When I first moved to Seattle and my sister came to visit me, we decided to see a fortune teller for fun off Broadway in Capitol Hill. I'll admit, I sometimes go once a year to get my fortune told. I don't know if I believe in them one hundred percent, but when I get good news, I like to think it manifests itself into reality.
Anyway, this particular reading occurred in the summer of 2014, and the only reason I remember it is because the fortune teller told me, Writing for you, goes hand in hand with your love life. I took that to mean that if my relationship was good, so would my writing be. Who knows if it's true, but my young twenty-something self had recently moved to Seattle for love, and I was one year into seriously writing novel-length works with the intent for publication. Back then I had been naive. I thought I could make a three-year plan to be published, and I would be financially stable enough to quit my day job. I'm shaking my head at my past self as I write this. Oh, how I wish I could have warned my past self just how difficult that would be. That's not to say it can't happen--because it has for the fortunate few, but I am not so fortunate. And the reality is, most authors still have a full-time job in addition to their writing contracts.
The whole point of going to the fortune teller though was for me to ask if I would make it into PitchWars, to which I got the vague reply, Writing will be a long journey, but when your door opens, it will happen very fast. Suffice it to say, I did not get in that year, and my relationship with Michael was still relatively new. After that summer though, I stopped thinking about that fortune, until things started to line up.
In 2015, Michael and I went to Vietnam with my family. During this trip he asked my mom for my hand in marriage. When we came home from that trip, I started working on a manuscript inspired by that trip. That was the year I got into PitchWars and Michael proposed. For a moment, it looked like things were getting serious! Writing and relationship-wise!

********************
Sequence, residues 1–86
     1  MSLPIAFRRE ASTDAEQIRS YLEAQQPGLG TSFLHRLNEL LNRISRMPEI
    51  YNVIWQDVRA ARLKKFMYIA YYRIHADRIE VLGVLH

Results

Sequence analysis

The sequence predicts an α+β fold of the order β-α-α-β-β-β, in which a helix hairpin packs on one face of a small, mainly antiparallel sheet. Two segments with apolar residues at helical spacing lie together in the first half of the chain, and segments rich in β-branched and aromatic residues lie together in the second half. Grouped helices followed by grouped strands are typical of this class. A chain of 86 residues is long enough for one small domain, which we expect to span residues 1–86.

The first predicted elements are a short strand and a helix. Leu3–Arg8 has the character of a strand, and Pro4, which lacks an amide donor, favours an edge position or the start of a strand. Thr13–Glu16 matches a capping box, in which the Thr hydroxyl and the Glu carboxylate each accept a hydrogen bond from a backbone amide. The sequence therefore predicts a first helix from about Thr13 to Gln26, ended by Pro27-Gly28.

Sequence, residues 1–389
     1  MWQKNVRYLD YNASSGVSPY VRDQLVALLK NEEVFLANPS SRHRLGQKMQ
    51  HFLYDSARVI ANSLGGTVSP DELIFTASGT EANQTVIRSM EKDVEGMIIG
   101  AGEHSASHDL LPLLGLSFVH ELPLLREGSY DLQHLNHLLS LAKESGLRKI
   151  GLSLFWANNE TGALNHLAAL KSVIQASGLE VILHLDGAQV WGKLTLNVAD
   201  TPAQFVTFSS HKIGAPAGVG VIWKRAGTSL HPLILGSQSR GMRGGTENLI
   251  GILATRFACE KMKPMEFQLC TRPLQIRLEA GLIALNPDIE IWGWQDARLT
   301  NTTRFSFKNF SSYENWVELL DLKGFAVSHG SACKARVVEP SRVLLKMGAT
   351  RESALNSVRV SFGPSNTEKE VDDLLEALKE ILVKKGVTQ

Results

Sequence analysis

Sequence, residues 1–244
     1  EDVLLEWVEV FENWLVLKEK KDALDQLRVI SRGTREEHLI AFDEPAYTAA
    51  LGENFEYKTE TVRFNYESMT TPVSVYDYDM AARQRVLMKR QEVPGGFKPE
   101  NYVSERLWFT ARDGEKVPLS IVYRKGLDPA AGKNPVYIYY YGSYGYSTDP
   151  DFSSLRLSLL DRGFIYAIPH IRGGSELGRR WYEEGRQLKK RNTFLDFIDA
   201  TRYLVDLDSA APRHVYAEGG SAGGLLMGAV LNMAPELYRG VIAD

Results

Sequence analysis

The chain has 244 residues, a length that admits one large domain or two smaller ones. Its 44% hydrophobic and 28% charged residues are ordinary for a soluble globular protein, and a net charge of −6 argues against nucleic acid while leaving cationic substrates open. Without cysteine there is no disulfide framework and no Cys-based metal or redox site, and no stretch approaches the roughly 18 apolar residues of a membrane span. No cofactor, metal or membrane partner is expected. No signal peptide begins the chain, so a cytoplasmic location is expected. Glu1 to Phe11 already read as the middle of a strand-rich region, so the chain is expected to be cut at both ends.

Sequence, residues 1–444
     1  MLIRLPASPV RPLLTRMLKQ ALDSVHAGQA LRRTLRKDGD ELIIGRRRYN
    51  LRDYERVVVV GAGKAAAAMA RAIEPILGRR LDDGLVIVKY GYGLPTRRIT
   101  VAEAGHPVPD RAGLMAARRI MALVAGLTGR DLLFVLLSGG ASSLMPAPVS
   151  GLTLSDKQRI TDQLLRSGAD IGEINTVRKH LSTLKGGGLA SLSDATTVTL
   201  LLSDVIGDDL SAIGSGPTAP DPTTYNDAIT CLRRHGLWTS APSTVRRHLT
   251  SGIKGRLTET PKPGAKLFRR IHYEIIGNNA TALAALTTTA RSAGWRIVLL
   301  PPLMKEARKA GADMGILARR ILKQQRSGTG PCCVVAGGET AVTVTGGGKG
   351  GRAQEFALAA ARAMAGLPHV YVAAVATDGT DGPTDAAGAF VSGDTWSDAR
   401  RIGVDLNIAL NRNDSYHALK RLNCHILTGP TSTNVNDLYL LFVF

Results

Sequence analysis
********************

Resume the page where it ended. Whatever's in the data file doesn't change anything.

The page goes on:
In 2016 we booked the venue for our wedding, and I also got my first agent. Finally, I thought. Something is happening! During this year, I wedding planned and also went on submission for the first time. All the while, I waited thinking, This is it. My door is opening!
Except it didn't. The rejections came in, and my writing confidence took a hit which showed in my other works. I started to doubt myself and my ability. Then my 3-year plan was up.
In 2017, I got married, but then my agent and I parted ways amicably. I felt like a complete and utter failure. I felt like I'd failed everyone whoever believed in me, and then eventually, I stopped believing in myself.
I took a long break from writing after that. I thought of doing something else for awhile. Maybe I should learn to code? Maybe I should become a sommelier? Maybe I should focus more on my career! Looking back, I know that my hesitation to pursue my dream came out of fear. I didn't want to admit I failed on my dream.
But with the push of writing friends, I decided to try again. It's only failure if you stop, right? Except when I tried, I was faced with rejection yet again (Seriously, miss fortune lady. Where is this door? And why won't it open?).
Then I saw the New Visions Award contest, and I thought, why not? I liked the imprint's mission, and it became more important for me to want to share my story with readers then to simply be published. I also wanted to give an old manuscript one more shot before putting it in my trunk forever. So I submitted, and retreated to drafting once more.